An recent article on agroforestry served as an excellent illustration of the way that silvopasture can turn problem fields into prime pastures.
The land in question, a floodplain site at a North Carolina State University research farm, had patchy soils with concentrations of both sand and clay. The sandy areas dry out quickly, especially under tillage, losing organic matter and failing to hold enough water to support crops during rain-free spells.
The tight clay patches, on the other hand, remain inundated for long periods after flooding, causing crop damage and even loss.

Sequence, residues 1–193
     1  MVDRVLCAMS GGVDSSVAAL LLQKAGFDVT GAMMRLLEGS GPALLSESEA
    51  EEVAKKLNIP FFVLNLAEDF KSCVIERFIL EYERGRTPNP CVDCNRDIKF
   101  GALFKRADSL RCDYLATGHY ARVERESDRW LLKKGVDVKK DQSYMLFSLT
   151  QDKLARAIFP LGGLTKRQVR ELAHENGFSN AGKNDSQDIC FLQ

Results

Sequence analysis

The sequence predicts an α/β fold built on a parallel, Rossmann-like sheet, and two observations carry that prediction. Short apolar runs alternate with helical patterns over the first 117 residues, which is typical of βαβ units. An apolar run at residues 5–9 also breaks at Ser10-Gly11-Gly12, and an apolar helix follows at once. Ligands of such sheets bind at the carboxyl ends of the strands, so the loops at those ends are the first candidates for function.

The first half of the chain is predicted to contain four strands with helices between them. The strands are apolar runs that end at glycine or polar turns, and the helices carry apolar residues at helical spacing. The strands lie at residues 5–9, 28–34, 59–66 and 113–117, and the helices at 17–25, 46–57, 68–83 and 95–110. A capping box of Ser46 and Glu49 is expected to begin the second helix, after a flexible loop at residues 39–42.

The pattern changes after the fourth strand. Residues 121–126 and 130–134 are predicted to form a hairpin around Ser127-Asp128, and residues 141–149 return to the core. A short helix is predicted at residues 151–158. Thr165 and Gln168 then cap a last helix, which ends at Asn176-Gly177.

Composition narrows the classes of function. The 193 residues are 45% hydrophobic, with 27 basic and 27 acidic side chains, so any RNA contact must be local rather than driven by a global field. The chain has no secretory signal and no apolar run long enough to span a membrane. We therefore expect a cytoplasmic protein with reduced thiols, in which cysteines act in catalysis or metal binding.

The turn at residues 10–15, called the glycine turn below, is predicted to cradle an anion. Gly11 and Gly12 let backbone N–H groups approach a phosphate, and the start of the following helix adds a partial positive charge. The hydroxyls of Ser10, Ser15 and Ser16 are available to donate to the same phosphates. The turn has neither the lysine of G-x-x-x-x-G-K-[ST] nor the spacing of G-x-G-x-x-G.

Both trees and perennial pasture grasses have deeper and more extensive root systems that allow them to withstand such shallow-soil moisture fluctuations. Instead of losing money year after year on drought- and flood-stricken crops, the floodplain land can produce income from cattle, and, in the long term, from timber harvest as well.